[[Page 31590]]

accordance with the terms of the plan and periodic premiums under an 
insurance or annuity contract, or
    (2) for a purpose incidental to the ordinary operation of the plan;
    (c) The loan or other extension of credit is unsecured;
    (d) The loan or other extension of credit is not directly or 
indirectly made by an employee benefit plan;
    (e) The loan or other extension of credit is not described in 
section 408(b)(3) of ERISA and the regulations promulgated thereunder 
(29 CFR 2550.408b-3) or section 4975(d)(3) of the Code and the 
regulations promulgated thereunder (26 CFR 54.4975-7(b)); and
    (f)(1) Any loan described in section IV(b)(1) that is entered into 
on or after April 7, 2006 and that has a term of 60 days or longer must 
be made pursuant to a written loan agreement that contains all of the 
material terms of such loan;
    (2) Any loan described in (b)(2) of this paragraph that is entered 
into for a term of 60 days or longer must be made pursuant to a written 
loan agreement that contains all of the material terms of such loan.

Section V: Temporary Exemption

    The restrictions of section 406(a)(1)(B) and (D) and section 
406(b)(1) and (b)(2) of the Act, and the taxes imposed by section 
4975(a) and (b) of the Code, by reason of section 4975(c)(1)(B), (D) 
and (E) of the Code, shall not apply, from January 1, 1975, until the 
date that is six months following the date a final amendment is 
published in the Federal Register, to: (1) A Covered Extension of 
Credit, as defined in section VI(e); (2) a Covered Loan, as defined in 
section VI(f); and (3) a Covered Repayment (as defined in section 
VI(g)) if:
    (a) No interest or other fee is charged to the plan, and no 
discount for payment in cash is relinquished by the plan, in connection 
with the Covered Extension of Credit, Covered Loan, or Covered 
Repayment;
    (b) The Covered Extension of Credit is set forth in an Account 
Opening Agreement between a plan and a financial institution, where the 
financial institution is subject to oversight by a regulatory agency or 
a self-regulatory organization;
    (c) The Covered Loan is not directly or indirectly made by a plan;
    (d) The Covered Extension of Credit and the Covered Loan are not 
described in section 408(b)(3) of ERISA and the regulations promulgated 
thereunder (29 CFR 2550.408b-3) or section 4975(d)(3) of the Code and 
the regulations promulgated thereunder (26 CFR 54.4975-7(b));
    (e) The Covered Loan arose from a lawful cost (including a fee, 
expense, investment loss or tax); and
    (f) The amount of a Covered Loan from a Related Account to a Plan 
Account is no greater than and relates to an amount debited to the Plan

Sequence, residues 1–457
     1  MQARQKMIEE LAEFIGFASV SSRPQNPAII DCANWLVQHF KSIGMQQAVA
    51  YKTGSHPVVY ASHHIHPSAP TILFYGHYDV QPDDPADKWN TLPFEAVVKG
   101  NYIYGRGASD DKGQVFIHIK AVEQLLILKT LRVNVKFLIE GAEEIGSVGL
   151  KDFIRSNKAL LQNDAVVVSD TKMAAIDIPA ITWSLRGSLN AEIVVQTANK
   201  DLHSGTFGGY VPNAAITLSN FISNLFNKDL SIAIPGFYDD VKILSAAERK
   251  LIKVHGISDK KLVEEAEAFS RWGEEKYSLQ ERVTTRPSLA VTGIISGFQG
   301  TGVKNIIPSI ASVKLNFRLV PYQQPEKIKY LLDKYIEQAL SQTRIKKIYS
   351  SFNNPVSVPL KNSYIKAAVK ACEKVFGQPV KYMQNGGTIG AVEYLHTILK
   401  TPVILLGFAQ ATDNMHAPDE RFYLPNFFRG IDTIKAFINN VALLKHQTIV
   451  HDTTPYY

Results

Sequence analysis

Account in connection with an expense described in paragraph (e) of 
this section. The amount of a Covered Repayment of a Covered Loan must 
not be greater than the original Covered Loan amount.

Section VI. Definitions

    (a) For purposes of section II, a ``Y2K problem'' is a disruption 
of computer operations resulting from a computer system's inability to 
process data because such system recognizes years only by the last two 
digits, causing a ``00'' entry to be read as the year ``1900'' rather 
than the year ``2000.''
    (b) For purposes of section III, the ``September 11, 2001 
disruption'' is the disruption to the United States financial and 
securities markets and/or the operation of persons providing 
administrative services to employee benefit plans, resulting from the 
acts of terrorism that occurred on September 11, 2001;
    (c) For purposes of this exemption, the terms ``employee benefit 
plan'' and ``plan'' refer to an employee benefit plan described in 
ERISA section 3(3) and/or a plan described in section 4975(e)(1) of the 
Code;
    (d) For purposes of section V, the term ``Plan Account'' means an 
account established with a financial institution by an employee benefit 
plan described in section 3(3) of ERISA or a plan described in section 
4975(e)(1) of the Code.
    (e) For purposes of section V, the term ``Covered Extension of 
Credit'' means an indemnification agreement, cross-collateralization 
agreement or other grant of a security interest in favor of a financial 
institution, as set forth in an Account Opening Agreement between a 
plan and the financial institution, which guarantees the payment of 
debits to (or by) a Plan Account by (or to) a Related Account, but does 
not include a loan or payment under such agreement or security 
interest;
    (f) For purposes of section V, the term ``Covered Loan'' means a 
loan to a Plan Account by a Related Account, including by means of a 
debit to a Related Account and a corresponding credit to the Plan 
Account, where the Covered Loan is made pursuant to a Covered Extension 
of Credit;
    (g) For purposes of section V, the term ``Covered Repayment'' means 
the repayment by a Plan Account to a Related Account of a Covered Loan.
    (h) For purposes of section V, the term ``Related Account'' means 
an investment account established with a financial institution by a 
person or entity, where such account is subject to an Account Opening 
Agreement with the financial institution that also covers a Plan 
Account and/or guarantees the payment of debits to the Plan Account.
    (i) For purposes of section V, the term ``Account Opening 
Agreement'' means a written brokerage, futures or other investment 
agreement.

    Signed at Washington, DC, this 20th day of May, 2013.
Lyssa E. Hall,
Director, Office of Exemption Determinations, Employee Benefits 
Security Administration, U. S. Department of Labor.
[FR Doc. 2013-12362 Filed 5-23-13; 8:45 am]
BILLING CODE 4510-29-P